Medieval Verse: The Triolet

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March 27, 2015 by phicks2012

ctree2This is the next in my series of articles on Medieval Verse forms, and deals with The Triolet.

According to Wikipedia at http://en.wikipedia.org/wiki/
Triolet
“A triolet is a stanza poem of eight lines. Its rhyme scheme is ABaAabAB and often all lines are in iambic tetrameter: the first, fourth and seventh lines are identical, as are the second and final lines, thereby making the initial and final couplets identical as well.
Examples:
The form stems from medieval French poetry – the earliest written examples are from the late 13th century. The triolet is a close cousin of the rondeau, another French verse form emphasizing repetition and rhyme. Some of the earliest known triolets composed in English were written by Patrick Cary, briefly a Benedictine at Douai, who purportedly used them in his devotions. British poet Robert Bridges reintroduced the triolet to the English language, where it enjoyed a brief popularity among late-nineteenth-century British poets.
An effective conventional triolet achieves two things; firstly the naturalness of the refrain and secondly the alteration of the refrain’s meaning.”

An Example by Thomas Hardy:

“Birds At Winter”
Around the house the flakes fly faster,
And all the berries now are gone
From holly and cotoneaster
Around the house. The flakes fly! – faster
Shutting indoors the crumb-outcaster
We used to see upon the lawn
Around the house. The Flakes fly faster
And all the berries now are gone!

“Notice how in the last line the punctuation is altered; this is common although not strictly in keeping with the original form. Furthermore, the fact that the ‘berries now are gone’ has a new relevance; the birds are going unfed.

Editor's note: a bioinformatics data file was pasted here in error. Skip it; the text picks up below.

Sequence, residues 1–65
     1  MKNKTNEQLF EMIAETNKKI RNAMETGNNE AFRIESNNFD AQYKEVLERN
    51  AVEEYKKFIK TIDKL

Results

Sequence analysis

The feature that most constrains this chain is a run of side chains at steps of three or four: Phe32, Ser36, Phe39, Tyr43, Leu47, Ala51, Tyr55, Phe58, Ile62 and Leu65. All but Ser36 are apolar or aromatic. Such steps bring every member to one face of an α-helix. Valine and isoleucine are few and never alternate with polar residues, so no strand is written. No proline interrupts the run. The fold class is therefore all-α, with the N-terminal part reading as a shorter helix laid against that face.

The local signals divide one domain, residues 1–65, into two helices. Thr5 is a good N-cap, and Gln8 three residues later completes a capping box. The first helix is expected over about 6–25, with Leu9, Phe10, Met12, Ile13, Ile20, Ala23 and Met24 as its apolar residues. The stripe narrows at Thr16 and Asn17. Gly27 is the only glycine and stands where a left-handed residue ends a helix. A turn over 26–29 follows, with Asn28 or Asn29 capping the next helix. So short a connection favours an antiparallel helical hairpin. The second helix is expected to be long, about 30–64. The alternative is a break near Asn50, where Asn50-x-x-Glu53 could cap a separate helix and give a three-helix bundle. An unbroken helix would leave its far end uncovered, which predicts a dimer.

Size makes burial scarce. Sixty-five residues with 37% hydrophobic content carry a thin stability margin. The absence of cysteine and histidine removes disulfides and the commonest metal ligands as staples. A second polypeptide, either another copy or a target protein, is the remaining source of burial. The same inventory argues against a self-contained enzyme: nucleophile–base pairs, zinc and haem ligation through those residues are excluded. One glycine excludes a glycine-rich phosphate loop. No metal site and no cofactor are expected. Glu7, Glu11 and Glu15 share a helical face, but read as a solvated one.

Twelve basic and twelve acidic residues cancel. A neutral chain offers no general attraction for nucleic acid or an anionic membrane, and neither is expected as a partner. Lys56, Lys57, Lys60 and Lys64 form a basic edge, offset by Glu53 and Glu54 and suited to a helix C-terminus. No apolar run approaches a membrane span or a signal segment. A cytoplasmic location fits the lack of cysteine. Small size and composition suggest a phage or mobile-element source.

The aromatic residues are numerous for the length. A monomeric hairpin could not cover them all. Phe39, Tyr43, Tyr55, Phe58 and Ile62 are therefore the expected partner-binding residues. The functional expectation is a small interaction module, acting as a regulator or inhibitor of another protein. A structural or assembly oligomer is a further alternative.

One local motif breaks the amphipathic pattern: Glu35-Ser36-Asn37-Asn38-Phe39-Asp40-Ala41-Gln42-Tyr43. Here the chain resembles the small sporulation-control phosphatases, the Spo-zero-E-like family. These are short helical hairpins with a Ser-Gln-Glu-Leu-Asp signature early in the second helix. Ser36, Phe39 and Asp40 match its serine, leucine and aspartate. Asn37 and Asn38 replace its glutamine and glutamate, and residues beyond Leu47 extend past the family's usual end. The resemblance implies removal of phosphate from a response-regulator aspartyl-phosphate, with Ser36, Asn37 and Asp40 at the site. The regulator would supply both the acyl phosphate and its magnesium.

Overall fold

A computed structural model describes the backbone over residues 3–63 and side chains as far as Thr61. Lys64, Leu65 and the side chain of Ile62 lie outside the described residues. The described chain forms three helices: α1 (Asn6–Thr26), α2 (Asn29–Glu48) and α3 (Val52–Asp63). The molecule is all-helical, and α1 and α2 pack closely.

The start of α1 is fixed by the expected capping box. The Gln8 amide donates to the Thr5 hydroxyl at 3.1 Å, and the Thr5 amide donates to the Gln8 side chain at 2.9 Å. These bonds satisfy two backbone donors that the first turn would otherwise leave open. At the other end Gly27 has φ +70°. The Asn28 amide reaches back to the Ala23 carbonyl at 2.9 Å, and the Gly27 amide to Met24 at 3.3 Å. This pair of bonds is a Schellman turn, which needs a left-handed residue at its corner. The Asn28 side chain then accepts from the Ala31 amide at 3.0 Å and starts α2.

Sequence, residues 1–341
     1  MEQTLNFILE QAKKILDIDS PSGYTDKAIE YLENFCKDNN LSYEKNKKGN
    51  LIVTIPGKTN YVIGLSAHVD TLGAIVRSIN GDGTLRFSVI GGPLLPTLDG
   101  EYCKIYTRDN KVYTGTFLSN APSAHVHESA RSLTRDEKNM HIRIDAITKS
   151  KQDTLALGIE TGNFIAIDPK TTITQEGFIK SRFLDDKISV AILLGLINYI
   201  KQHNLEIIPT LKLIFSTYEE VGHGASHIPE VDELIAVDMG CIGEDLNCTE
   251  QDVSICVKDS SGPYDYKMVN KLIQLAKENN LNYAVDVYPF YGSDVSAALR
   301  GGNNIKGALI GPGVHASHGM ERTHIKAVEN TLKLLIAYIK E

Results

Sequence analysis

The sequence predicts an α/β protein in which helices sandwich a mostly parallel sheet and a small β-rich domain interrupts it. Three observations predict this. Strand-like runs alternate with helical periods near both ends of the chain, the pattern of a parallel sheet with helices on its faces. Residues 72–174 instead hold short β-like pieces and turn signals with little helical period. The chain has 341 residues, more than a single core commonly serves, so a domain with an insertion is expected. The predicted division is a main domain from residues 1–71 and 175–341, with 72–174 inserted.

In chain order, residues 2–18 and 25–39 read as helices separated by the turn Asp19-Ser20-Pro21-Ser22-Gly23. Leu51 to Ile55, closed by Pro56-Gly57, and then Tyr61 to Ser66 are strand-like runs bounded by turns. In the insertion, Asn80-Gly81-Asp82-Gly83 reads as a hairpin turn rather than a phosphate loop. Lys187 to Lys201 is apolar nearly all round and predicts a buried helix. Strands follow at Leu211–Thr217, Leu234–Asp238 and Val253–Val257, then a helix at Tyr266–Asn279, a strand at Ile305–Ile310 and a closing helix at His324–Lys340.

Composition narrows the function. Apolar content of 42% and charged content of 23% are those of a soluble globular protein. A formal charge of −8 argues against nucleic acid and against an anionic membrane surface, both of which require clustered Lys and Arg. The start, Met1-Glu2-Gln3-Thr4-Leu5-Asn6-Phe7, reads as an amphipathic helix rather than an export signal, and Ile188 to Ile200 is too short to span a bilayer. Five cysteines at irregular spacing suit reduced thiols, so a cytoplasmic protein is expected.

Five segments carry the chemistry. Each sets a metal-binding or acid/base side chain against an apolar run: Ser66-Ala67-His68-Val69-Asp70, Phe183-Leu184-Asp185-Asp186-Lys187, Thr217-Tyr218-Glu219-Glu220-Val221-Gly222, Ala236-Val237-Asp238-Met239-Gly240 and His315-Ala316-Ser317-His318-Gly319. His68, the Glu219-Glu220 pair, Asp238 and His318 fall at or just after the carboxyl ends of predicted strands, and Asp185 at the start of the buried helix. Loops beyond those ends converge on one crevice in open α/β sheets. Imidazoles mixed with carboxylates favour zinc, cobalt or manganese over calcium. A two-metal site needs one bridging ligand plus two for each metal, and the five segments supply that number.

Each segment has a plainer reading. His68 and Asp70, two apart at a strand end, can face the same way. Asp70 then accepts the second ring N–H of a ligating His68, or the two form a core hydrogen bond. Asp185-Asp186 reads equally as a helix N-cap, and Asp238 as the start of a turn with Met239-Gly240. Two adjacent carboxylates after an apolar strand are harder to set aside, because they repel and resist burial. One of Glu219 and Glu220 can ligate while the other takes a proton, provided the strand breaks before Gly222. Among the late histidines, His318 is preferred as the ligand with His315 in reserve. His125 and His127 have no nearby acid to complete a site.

Triolets are a relatively rare form.”

According to Conrad Geller at http://www.writing-world.com/poetry/triolet.shtml
“Going back at least to the thirteenth century, triolets are short, usually witty poems, just perfect for tucking into a box of candy or some flowers. Its name comes from the repetition of the key line three times (French “tri”).”

This is a relatively easy form to use, simply because there are so few lines and so many if them repeat exactly, but it can be a challenge to get a message across in only a few lines, especially when repetitions limit how much can actually be said.

 

The following Triolet was written to accompany an article for publication in our SCA newsletter.

 
Triolet No.1: “The Trumpets Sound”

The trumpets sound the call to war,
And banners flow upon the wind.
The warriors all have come before
The Trumpets sound the call to war.
Inscribe their names on scrolls of lore,
For they with stalwart hearts defend.
The trumpets sound the call to war.
And banners flow upon the wind.

[28 December, 2012]

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phicks2012

phicks2012

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